The injunction is a permanent (not preliminary) one. It can be enforced preliminarily (i.e., while it is being appealed) if Nokia posts a bond or makes a deposit of 5 million euros ($6.5 million) per patent claim and per defendant (Nokia was suing not only HTC's Taiwan-based parent company but also one or two European subsidiaries). In addition to a sales ban Nokia also won a recall of infringing devices from retail and a declaration that it is entitled to damages (the amount of which would have to be determined in a subsequent litigation). With a view to damages, HTC must makes disclosures to Nokia regarding any infringing activities.
Nokia is also asserting this patent against HTC in the US (where it is seeking an import ban from the ITC as well as additional remedies, particularly damages, in federal court) and the UK, as you can see further below.
Nokia's lead counsel in this action, Bird & Bird's Christian Harmsen, has scored two hits in a row in Mannheim. On Friday he won an injunction for Huawei against ZTE. In the HTC power-saving case Bird & Bird cooperated with Munich-based patent prosecution firm Samson & Partner.
Last week it became known that another Android device maker, ViewSonic, is already negotiating a settlement under which it will pay license fees to Nokia.
18 patent license deals involving Android have already been announced. HTC is already paying royalties to Apple and Microsoft, and it's only a question of when, not if, it will also make payments to Nokia.
The wider dispute: 40 patents-in-suit
Nokia is asserting 40 different patents against HTC in three countries (US, UK, Germany). Here's a complete list:
13-03-11 Nokia Patent Assertions Against HTC by Florian_Muelle_439
Nokia has recently stipulated to stay two Mannheim cases, and two others were dismissed earlier this month (Nokia can appeal those rulings to the Karlsruhe Hgher Regional Court). HTC is being defended against Nokia's German and UK patent assertions by Hogan Lovells.
The ITC referred one patent to arbitration. Nokia voluntarily withdrew another patent from the same ITC investigation.
Eight of the 40 patent assertions listed in the document shown further above were added after the initial 32 patent assertions Nokia brought against HTC last year. Nokia has well over 10,000 patent families and can always step up the pressure until HTC takes a royalty-bearing license.
HTC is countersuing Nokia in Germany in two cases involving one of its own power management patents as well as through its wholly-owned subsidiary S3 Graphics.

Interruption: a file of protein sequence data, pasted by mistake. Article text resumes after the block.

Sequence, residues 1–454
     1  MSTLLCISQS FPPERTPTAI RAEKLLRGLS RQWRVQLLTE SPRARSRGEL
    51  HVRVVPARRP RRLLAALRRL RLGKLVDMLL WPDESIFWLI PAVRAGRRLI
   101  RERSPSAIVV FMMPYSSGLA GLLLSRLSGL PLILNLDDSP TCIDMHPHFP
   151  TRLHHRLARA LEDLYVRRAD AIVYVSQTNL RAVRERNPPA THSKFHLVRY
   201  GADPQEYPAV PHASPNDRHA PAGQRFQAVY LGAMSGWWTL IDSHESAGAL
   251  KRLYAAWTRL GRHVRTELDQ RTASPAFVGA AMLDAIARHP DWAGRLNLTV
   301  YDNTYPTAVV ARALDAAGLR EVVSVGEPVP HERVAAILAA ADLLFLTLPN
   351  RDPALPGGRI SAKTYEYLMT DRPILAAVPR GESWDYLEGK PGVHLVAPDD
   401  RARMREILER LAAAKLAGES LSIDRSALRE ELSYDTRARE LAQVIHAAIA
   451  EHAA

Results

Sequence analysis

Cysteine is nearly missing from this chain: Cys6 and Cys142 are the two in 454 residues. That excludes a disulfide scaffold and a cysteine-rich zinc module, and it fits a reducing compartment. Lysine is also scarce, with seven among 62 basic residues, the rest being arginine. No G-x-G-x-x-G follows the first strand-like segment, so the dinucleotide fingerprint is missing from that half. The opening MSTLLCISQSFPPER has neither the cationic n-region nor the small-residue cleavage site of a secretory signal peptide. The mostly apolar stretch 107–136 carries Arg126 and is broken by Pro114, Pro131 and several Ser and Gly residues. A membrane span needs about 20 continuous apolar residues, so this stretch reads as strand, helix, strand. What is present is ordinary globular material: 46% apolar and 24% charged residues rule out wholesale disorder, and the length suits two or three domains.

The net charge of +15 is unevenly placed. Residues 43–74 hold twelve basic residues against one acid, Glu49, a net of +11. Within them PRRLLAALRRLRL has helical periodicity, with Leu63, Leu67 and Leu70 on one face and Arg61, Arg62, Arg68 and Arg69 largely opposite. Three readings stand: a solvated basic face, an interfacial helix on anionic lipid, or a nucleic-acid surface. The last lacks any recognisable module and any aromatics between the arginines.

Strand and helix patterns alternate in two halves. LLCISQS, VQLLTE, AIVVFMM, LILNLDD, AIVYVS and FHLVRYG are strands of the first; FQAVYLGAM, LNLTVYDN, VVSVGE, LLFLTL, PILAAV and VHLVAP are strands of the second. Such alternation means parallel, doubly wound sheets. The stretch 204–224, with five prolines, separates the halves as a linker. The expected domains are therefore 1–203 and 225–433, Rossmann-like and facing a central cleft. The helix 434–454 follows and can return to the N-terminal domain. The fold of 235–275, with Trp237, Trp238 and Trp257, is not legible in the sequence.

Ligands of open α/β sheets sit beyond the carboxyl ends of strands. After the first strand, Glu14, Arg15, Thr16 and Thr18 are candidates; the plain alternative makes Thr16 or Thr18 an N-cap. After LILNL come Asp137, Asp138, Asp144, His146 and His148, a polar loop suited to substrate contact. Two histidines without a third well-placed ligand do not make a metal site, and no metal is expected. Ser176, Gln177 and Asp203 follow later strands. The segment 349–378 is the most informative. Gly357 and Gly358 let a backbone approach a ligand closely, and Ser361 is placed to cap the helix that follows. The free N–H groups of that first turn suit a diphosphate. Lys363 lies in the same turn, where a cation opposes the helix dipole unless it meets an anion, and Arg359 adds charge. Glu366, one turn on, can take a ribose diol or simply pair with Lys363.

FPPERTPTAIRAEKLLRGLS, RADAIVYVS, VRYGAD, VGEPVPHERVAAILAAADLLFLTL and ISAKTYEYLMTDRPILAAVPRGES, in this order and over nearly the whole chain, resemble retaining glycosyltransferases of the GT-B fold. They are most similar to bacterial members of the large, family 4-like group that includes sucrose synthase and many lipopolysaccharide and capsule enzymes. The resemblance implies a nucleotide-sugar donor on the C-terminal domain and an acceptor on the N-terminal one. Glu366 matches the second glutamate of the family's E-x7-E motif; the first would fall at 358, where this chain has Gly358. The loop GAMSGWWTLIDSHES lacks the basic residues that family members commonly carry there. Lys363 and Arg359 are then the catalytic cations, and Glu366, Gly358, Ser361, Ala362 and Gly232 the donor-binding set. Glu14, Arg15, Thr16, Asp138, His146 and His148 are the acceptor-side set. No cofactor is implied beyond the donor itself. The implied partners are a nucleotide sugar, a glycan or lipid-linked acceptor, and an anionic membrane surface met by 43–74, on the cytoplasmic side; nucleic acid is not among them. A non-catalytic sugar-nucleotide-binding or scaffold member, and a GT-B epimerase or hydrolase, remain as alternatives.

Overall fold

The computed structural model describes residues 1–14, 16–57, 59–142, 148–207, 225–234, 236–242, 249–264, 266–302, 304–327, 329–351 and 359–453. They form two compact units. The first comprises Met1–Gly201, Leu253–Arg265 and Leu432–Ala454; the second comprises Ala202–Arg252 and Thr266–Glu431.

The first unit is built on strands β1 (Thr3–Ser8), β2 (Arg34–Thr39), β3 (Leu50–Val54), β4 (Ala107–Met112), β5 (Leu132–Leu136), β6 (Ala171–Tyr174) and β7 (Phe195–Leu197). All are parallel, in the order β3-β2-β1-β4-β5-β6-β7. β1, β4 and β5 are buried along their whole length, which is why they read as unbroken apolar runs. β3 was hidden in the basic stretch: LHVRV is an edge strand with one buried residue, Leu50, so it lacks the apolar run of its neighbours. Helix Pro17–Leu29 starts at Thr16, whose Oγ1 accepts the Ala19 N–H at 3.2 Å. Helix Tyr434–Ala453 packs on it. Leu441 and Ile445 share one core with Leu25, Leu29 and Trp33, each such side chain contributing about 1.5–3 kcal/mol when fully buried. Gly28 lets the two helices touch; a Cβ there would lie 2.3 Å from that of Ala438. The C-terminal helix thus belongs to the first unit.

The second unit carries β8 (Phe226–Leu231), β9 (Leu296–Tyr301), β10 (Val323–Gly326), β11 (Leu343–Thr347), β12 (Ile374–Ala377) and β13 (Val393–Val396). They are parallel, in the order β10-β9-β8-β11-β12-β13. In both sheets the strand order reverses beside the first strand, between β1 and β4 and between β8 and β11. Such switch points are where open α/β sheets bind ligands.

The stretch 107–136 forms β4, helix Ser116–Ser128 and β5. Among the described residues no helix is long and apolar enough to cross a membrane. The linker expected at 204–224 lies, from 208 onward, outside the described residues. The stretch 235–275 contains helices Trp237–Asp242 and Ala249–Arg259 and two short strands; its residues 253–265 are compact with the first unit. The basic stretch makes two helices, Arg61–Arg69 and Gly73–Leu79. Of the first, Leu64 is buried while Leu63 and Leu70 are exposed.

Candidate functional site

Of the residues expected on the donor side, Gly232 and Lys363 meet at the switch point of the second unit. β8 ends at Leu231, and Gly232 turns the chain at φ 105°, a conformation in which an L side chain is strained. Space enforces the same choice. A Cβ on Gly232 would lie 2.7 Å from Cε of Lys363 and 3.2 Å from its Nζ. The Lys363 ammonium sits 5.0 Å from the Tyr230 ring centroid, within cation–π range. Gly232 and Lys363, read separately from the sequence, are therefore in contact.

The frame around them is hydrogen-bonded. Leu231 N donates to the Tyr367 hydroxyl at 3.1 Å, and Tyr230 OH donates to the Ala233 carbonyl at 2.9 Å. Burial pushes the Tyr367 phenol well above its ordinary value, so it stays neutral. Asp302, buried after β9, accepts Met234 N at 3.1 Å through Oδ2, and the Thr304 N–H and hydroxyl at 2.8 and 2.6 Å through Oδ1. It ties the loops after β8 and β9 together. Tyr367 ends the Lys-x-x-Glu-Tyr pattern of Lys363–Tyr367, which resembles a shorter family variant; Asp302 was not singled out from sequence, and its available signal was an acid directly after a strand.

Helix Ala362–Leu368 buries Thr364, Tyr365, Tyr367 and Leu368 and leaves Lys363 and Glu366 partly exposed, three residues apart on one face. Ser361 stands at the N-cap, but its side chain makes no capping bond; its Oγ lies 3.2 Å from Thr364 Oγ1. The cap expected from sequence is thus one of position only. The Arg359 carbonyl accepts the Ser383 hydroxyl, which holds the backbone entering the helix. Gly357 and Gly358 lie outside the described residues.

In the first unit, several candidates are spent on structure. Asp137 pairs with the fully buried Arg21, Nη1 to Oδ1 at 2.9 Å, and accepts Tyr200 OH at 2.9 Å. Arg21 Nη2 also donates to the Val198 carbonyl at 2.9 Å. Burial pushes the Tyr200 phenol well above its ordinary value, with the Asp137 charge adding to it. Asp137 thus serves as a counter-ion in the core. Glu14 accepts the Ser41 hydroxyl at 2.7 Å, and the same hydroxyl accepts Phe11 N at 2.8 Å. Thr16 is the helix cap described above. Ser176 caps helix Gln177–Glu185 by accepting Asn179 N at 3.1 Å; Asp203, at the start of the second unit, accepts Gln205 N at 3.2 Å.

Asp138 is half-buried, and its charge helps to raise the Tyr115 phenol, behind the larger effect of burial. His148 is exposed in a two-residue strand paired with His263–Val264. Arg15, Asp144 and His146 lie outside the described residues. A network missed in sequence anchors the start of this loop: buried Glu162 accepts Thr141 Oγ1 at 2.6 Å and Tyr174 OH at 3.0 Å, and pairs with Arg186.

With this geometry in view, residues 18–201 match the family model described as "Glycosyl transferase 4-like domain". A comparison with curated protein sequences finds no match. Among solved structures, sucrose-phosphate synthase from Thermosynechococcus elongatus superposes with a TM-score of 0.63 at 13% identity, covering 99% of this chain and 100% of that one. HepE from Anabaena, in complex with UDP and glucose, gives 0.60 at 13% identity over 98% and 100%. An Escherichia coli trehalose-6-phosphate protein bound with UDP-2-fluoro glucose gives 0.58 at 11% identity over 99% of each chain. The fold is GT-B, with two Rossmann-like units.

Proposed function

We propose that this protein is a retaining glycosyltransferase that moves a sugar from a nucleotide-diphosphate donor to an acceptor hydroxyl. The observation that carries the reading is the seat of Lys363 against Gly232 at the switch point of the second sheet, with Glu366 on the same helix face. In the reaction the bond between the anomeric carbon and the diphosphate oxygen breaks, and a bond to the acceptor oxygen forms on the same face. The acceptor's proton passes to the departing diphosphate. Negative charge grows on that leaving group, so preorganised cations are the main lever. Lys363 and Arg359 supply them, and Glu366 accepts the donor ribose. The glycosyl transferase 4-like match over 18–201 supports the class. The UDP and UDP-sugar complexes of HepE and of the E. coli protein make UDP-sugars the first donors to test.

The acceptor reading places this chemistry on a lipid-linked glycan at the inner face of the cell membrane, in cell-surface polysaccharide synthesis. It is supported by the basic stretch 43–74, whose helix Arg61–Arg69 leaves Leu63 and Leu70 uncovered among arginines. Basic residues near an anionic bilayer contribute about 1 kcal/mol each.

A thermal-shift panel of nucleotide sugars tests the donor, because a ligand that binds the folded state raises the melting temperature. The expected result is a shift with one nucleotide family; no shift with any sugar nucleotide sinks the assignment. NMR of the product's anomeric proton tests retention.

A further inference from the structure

While Nokia's standard-essential patents (SEPs) are broadly licensed, its non-SEPs are not. Nokia is apparently willing to license some (but not all) of its non-SEPs. Other Android device makers than HTC and ViewSonic will sooner or later also need to agree with Nokia on a license to its non-standard-essential intellectual property. Apple and BlackBerry already have license agreements in place with Nokia covering SEPs as well as certain non-SEPs.
Update: Nokia's official statement
I usually don't publish corporate statements because I prefer to do my own research (reading court filings and attending hearings, trials and announcements of rulings). In this case I wish to publish Nokia's statement because its final sentence indicates that this is not merely about license fees but also about the competitive situation between the two companies:
"Nokia is pleased with this decision, which confirms the quality of Nokia’s patent portfolio. Nokia has also patented this power saving invention in the US, UK, France, Italy, Sweden, Austria, Japan and Hong Kong. In addition to this case in Germany, we have asserted the patent against HTC in the UK and in the US International Trade Commission, with a hearing in the US scheduled to start in two months’ time. More than 30 further Nokia patents have been asserted against HTC in other actions brought by Nokia in Germany, the US and the UK. HTC must now respect our intellectual property and compete using its own innovations."
If you had to chose between Bernstein and JPM, I'd go with JPMorgan's analysis. Bernstein and Ferragu has been so consistently wrong about nokia for so long...you'd think they had ulterior motives.